Oh!! Thanks for the review. I just read a quick blurb about this book yesterday. I'll place this title in my "Must Reads" column.

Cheers!
Elizabeth

Haitian-American Family of Three said...

I definitely am going to read this! I just posted about three good
books I read last week. Cheers to reading.

eba said...

Nice review. Yes, Mr. Alcott was awful. There's a museum nearby where they wintered, or at least tried to, while he was full-on doing the Transcendentalist thing. Because he completely did not understand what he was doing, the family nearly starved and had to move - no food put away, no wood chopped, and so on. But my favorite story from that place was that they were on a strict vegan diet. There was a nanny who was fired when she was discovered to have an illicit chunk of cheese in her trunk. As a friend recently said, LMA had to become "the man of the family" - no one else was going to do it.

klhp said...

Have you read "March" by Geraldine Brooks? It's about the father from "Little Women." And it's amazing. Actually, I'd recommend everything by Geraldine Brooks.

Thanks for the review. I love finding new books to add to my ever-expanding TBR list. :)

trish said...

Phew! So glad you liked it! I know what it feels like to be in a reading slump, and nothing really grabs your attention.

If I might recommend a book...have you read THE HUNGER GAMES by Suzanne Collins? If not, you totally should. You will wonder why all books aren't this good! :)

Thanks for being on the tour, by the way!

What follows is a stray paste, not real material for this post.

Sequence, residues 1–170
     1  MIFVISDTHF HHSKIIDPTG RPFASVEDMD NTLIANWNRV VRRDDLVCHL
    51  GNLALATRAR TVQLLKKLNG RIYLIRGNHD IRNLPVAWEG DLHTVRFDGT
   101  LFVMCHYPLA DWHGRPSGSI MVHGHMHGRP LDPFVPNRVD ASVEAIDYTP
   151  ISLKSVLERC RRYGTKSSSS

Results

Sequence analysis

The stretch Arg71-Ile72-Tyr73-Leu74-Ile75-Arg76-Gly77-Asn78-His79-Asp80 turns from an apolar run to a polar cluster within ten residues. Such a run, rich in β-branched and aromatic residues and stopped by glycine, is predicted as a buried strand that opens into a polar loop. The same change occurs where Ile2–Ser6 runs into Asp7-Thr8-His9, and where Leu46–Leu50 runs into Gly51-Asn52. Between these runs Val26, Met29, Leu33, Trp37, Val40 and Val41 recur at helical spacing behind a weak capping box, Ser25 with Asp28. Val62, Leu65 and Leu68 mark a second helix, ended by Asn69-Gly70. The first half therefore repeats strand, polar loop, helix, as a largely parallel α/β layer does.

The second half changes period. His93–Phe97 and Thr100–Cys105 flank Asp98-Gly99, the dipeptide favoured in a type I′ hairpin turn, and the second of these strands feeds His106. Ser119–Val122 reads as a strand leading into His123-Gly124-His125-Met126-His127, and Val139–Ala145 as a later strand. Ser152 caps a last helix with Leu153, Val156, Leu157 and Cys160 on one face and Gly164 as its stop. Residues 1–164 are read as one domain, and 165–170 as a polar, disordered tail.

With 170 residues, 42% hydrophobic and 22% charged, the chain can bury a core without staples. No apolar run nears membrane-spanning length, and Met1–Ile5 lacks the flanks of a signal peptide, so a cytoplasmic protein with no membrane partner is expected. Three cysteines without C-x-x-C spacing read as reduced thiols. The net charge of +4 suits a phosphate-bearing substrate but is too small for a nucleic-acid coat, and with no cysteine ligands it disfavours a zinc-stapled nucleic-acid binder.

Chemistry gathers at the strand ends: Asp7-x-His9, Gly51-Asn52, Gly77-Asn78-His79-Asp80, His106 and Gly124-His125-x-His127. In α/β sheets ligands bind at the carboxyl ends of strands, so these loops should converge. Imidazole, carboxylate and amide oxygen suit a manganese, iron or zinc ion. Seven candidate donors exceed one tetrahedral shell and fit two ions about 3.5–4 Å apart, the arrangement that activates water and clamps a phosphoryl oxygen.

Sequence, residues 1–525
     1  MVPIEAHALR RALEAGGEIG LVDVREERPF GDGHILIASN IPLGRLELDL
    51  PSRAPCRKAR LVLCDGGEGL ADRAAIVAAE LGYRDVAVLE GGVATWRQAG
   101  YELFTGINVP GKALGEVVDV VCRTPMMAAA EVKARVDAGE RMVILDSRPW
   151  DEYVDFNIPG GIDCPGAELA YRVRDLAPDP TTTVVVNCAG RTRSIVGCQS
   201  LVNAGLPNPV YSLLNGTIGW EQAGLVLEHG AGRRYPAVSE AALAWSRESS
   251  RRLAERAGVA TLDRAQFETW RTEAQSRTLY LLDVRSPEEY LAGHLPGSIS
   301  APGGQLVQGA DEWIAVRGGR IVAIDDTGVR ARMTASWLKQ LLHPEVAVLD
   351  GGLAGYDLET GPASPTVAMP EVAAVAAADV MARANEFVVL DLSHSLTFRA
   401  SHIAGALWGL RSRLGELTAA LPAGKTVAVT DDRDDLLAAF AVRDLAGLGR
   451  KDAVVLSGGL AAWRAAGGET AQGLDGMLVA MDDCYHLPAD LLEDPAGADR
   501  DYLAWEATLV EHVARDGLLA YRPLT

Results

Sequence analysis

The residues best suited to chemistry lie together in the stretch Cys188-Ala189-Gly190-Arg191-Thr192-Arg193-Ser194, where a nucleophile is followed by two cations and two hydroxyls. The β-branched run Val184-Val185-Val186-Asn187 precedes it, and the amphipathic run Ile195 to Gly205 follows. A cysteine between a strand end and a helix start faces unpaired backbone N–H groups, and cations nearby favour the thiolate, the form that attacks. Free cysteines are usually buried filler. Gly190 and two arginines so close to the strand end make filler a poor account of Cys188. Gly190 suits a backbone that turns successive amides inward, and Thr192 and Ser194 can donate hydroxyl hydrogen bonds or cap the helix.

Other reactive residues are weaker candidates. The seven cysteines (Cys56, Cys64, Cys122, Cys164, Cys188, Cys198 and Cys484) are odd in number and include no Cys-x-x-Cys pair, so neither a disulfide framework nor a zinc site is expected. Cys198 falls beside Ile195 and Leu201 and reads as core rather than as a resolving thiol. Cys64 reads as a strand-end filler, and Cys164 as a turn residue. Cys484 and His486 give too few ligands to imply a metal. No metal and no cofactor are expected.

Dr. Smak said...

Fabulous, I love book reviews by real people. Will have to watch for this one.

Melinda said...

Thanks for the review! I just got this book out of the library and will start in on it as soon as I (finally) finish Wolf Hall.

Melinda said...

Thanks for the review! I just got this book out of the library and will start in on it as soon as I (finally) finish Wolf Hall.

Megan said...

Well done on the review. I rarely am moved to read a book based on a review, unlike a movie where all it takes is a Rotten Tomato score above 80%. Anyway, I'm intrigued and will try to read this soon.

Kelly O'Connor McNees said...

Thanks so much for the thoughtful review and to everyone who commented, for their enthusiasm! It's so fun to hear from real people. Hope I have the chance to meet you someday!

Snickollet said...

Kelly--

Thanks for stopping by. I just corrected a typo in one instance of your name in the review--sorry about that!

I hope the book sells like hotcakes.

Best,
-snickollet

Anonymous said...

klhp beat me to it - I was also going to recommend March by Geraldine Brooks. I'm pretty sure you read People of the Book by her, yes? I really enjoyed March, but I had never read Little Women so I read that first so I had better context for it (I'd only seen bits and pieces of the movie).

I'll have to check out The Lost Summer of Louis May Alcott. As a history major I love this kind of stuff. :)

-Tamar

Gillian said...

Dude, somebody else told you about March. Two somebodies. I echo their praise - completely, absolutely, unabashedly loved it.

~beautyandjoy~ said...

Oh! Can't wait to read this now - thank you! (Still reading - not often commenting. :) )

OTRgirl said...

Cool! I liked Little Women. I also read many of her other books and enjoyed them. That will be a fun one.

Hcb said...

I saw a recent PBS American Masters about her that covered much of the same territory. Very interesting...I remember reading a number of her books when I was young.